The brass parts and all the screws/pins in one place.

View attachment 108022
When I freed the trigger guard, there was a layer underneath the long brass piece - not sure if that was some sort of felt or the wood just corroded/got gunky at some point. I'm trying to do as little harm to the wood as possible, but this looks like some sort of filler or something that sat between the guard and where it was fit into the stock.

View attachment 108023
And that's one rusty nipple/bolster screw! Currently soaking in PB and I've got a nipple wrench coming, although I'm fairly sure this is going to take a bit of MAP heat and a pair of vise grips to get that sucker off.

So, with major parts taken apart, now it's to get the rest of the nipple/cleanout screw taken apart, disassemble the lock and start cleaning the bore... because that is one rusted tube of metal!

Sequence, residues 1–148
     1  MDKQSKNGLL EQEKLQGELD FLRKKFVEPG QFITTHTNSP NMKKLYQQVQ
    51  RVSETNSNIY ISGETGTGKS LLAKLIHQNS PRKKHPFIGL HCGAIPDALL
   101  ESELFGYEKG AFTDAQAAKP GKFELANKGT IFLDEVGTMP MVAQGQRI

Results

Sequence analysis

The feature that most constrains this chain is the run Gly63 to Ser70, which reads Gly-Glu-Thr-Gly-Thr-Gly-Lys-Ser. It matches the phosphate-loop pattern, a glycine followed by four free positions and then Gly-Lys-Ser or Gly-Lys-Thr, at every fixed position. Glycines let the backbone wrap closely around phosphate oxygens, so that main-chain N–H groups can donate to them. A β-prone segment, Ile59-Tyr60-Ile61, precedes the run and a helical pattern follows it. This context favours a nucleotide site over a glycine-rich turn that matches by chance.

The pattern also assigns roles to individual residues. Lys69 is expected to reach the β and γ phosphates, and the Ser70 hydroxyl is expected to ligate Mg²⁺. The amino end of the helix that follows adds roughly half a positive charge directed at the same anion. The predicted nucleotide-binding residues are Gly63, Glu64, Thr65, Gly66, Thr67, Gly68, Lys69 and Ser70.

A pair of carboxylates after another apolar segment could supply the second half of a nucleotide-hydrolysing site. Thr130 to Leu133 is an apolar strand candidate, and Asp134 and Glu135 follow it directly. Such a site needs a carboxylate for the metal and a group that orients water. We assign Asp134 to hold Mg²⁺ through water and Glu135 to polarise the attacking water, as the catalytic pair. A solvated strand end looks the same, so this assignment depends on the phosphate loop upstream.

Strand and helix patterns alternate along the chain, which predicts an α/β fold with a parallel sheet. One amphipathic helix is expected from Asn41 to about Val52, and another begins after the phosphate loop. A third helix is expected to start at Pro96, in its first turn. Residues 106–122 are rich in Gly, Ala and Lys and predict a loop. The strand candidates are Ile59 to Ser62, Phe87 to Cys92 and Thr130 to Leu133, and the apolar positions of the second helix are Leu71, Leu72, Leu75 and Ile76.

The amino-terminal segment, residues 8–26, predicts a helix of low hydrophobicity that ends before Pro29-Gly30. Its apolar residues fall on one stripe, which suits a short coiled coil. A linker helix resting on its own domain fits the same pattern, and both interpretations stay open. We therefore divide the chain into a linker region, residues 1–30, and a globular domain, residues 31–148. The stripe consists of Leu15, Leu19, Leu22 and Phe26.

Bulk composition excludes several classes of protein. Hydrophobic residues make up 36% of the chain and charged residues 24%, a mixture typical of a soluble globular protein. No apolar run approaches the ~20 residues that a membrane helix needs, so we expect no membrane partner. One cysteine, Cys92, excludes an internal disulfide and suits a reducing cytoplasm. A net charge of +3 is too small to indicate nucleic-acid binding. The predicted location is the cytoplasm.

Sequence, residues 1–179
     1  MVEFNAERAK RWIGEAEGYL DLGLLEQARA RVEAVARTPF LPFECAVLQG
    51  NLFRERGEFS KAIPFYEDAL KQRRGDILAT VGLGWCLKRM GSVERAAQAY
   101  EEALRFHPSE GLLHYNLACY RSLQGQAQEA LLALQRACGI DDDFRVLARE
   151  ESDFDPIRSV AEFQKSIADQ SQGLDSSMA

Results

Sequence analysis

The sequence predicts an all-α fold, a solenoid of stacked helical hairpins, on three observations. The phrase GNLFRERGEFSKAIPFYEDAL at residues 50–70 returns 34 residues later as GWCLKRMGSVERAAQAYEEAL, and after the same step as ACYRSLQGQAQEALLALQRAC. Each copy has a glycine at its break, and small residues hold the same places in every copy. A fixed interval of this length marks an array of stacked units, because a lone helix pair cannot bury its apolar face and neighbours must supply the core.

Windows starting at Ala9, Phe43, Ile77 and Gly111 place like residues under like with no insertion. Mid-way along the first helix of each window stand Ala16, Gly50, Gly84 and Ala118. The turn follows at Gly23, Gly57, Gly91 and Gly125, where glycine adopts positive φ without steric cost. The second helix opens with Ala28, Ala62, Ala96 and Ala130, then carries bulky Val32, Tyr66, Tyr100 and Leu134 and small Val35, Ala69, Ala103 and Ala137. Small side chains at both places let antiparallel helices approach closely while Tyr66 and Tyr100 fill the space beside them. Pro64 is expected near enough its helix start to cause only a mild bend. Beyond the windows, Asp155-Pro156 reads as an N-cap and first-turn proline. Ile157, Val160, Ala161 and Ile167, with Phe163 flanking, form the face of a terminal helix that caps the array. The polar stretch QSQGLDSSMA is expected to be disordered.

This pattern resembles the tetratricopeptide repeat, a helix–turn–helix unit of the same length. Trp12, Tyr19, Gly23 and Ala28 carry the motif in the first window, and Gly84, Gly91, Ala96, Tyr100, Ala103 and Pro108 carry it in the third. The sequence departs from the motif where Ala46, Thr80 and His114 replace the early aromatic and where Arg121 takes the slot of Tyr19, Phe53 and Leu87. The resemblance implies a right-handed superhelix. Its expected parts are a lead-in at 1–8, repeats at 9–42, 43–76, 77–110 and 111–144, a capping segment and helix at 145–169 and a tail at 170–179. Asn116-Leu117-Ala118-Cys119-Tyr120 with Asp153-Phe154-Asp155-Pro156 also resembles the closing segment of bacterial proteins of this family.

View attachment 108026

We're also of the opinion that the wood itself looks like it's in good shape... but I'm not certain if that's a varnish or just a linseed oil.

Question - how could I tell without doing damage to the current finish, to tell what it is?
A MAP flame might be a little to hot. I've had good luck with an electric heat gun and a nipple wrench. It will heat it enough without the risk of discoloring ant metal
 
Joined
Aug 6, 2014
Messages
399
Reaction score
354
Location
Vancouver Island
Disassembled the lock this morning after watching a couple of really good YouTube videos on it. My days of wrenching and some of the work I've done on other various firearms is coming in handy... as is taking pictures so I remember what goes where and how things are aligned/fitted!